Why You Don't Need To Look Everyone In The Eye

If you're trying to win a skeptic over to your side, direct and sustained eye contact can work against you, according to new research.

What's the Latest Development?


Using eye-tracking technology, researchers at the University of Freiburg observed test subjects as they watched videos of speakers discussing certain political issues. They found that the longer the viewers focused on the speaker's eyes, particularly if the speaker was looking directly into the camera, the less convinced they were of the argument. Those who disagreed with the speaker's argument, or who had no opinion on the topic, were left even more unconvinced than those who agreed.

What's the Big Idea?

The importance of direct eye contact in business and personal interactions has been stressed for decades. The study findings, published in Psychological Science, suggest that in some cases, it's not always a good idea. The reason may have to do with evolution: Eye contact among certain animals signals aggression and the creation of "a social dynamic characterized by resistance to persuasion." Further demonstrating this point is a separate experiment in which participants were given a choice of looking at a speaker's eyes or their mouth. Those who looked at the speaker's mouth were more persuaded by the argument.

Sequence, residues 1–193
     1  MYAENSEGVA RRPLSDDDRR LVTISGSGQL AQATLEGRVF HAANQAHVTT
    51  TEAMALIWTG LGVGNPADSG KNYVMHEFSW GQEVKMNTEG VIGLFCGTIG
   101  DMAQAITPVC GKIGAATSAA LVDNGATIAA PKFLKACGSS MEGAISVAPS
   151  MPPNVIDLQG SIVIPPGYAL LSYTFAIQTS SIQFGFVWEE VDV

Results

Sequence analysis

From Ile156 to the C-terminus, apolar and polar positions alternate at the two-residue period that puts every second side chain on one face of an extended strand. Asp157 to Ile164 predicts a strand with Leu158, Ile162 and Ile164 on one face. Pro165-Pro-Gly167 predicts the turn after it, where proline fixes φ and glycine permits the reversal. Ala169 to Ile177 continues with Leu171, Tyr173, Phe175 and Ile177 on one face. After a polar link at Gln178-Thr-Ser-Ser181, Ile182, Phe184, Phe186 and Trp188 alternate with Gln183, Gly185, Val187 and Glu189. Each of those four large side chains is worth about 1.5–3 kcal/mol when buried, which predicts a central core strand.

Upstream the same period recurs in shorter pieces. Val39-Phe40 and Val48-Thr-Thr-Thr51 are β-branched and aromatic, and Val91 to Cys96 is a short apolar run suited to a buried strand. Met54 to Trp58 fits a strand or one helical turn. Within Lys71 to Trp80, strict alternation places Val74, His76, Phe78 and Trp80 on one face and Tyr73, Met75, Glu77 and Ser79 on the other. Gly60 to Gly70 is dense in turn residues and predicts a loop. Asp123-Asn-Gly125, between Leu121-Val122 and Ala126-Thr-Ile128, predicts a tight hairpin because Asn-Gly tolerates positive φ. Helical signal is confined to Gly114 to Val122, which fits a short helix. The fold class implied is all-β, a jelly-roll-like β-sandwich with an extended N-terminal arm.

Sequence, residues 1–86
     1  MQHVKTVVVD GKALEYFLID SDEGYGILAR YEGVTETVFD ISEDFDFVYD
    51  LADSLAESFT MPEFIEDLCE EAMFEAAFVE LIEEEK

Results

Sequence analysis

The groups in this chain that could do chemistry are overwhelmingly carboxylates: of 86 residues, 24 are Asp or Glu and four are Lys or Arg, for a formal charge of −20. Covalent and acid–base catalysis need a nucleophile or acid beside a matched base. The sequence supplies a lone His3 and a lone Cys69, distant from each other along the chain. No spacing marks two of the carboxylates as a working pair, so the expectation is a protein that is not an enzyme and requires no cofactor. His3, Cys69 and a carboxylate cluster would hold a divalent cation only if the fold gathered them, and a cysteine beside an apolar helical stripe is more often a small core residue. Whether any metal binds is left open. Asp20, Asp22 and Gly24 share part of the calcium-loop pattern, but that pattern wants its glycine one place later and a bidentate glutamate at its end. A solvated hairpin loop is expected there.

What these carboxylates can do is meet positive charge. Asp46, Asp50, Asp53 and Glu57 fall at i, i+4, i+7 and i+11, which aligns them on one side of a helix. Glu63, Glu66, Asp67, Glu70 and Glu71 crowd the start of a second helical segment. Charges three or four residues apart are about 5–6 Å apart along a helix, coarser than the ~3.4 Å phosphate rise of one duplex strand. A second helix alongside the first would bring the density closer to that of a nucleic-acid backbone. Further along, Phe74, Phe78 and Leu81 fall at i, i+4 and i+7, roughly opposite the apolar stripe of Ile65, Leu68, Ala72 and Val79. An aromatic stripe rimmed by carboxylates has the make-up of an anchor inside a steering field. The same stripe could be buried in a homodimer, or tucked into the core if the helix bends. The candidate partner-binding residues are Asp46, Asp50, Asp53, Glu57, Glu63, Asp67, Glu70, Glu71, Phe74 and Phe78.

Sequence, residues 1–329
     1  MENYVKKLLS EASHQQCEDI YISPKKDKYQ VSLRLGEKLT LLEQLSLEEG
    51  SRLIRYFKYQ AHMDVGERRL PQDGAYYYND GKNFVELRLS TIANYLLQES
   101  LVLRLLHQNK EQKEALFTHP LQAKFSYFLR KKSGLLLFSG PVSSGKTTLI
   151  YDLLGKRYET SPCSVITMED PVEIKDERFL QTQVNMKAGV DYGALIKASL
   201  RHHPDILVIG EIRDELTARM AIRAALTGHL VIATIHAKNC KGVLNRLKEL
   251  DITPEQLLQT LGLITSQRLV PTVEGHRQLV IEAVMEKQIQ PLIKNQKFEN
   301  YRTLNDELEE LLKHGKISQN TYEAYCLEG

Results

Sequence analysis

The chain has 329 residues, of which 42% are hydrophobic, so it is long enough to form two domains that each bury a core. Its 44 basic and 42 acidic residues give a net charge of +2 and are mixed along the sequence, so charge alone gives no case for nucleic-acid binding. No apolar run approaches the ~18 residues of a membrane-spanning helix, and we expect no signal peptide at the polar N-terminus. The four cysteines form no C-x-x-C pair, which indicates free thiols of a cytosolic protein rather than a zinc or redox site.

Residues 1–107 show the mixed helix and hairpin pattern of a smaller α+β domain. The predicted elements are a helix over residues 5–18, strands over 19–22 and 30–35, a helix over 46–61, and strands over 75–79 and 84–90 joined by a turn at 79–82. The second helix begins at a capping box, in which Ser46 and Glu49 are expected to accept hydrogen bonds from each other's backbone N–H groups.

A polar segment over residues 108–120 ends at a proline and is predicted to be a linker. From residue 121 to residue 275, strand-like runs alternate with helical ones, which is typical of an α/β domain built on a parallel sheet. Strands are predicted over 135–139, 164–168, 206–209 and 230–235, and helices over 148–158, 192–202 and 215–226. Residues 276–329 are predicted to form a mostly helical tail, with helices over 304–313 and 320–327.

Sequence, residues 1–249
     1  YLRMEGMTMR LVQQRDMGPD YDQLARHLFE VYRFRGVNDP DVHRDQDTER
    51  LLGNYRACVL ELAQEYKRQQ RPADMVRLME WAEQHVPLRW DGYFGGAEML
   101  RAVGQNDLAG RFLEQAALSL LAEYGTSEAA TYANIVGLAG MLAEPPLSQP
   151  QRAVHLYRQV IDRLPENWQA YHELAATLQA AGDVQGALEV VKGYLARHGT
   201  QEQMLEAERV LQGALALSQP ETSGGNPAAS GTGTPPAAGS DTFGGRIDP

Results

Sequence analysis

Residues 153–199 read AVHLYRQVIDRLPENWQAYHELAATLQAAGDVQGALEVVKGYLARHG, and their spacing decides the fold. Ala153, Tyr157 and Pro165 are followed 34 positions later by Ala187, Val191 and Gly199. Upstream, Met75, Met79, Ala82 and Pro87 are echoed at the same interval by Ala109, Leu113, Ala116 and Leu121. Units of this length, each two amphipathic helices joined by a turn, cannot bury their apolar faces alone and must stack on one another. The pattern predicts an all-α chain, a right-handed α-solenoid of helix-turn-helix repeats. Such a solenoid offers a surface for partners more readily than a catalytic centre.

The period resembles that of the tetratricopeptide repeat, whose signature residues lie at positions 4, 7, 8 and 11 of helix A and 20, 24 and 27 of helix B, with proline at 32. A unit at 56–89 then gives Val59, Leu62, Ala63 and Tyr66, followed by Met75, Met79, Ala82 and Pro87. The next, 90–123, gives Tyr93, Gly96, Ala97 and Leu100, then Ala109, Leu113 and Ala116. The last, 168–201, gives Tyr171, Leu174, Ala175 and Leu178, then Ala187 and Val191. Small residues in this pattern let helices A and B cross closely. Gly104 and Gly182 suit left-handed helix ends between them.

Photo Credit: Shutterstock.com

Read it at Ars Technica

Big Think Edge
  • The meaning of the word 'confidence' seems obvious. But it's not the same as self-esteem.
  • Confidence isn't just a feeling on your inside. It comes from taking action in the world.
  • Join Big Think Edge today and learn how to achieve more confidence when and where it really matters.
Videos
  • Prejudice is typically perpetrated against 'the other', i.e. a group outside our own.
  • But ageism is prejudice against ourselves — at least, the people we will (hopefully!) become.
  • Different generations needs to cooperate now more than ever to solve global problems.


Active ingredient in Roundup found in 95% of studied beers and wines

The controversial herbicide is everywhere, apparently.

(MsMaria/Shutterstock)
Surprising Science
  • U.S. PIRG tested 20 beers and wines, including organics, and found Roundup's active ingredient in almost all of them.
  • A jury on August 2018 awarded a non-Hodgkin's lymphoma victim $289 million in Roundup damages.
  • Bayer/Monsanto says Roundup is totally safe. Others disagree.
Keep reading Show less

Scientists see 'rarest event ever recorded' in search for dark matter

The team caught a glimpse of a process that takes 18,000,000,000,000,000,000,000 years.

Image source: Pixabay
Surprising Science
  • In Italy, a team of scientists is using a highly sophisticated detector to hunt for dark matter.
  • The team observed an ultra-rare particle interaction that reveals the half-life of a xenon-124 atom to be 18 sextillion years.
  • The half-life of a process is how long it takes for half of the radioactive nuclei present in a sample to decay.
Keep reading Show less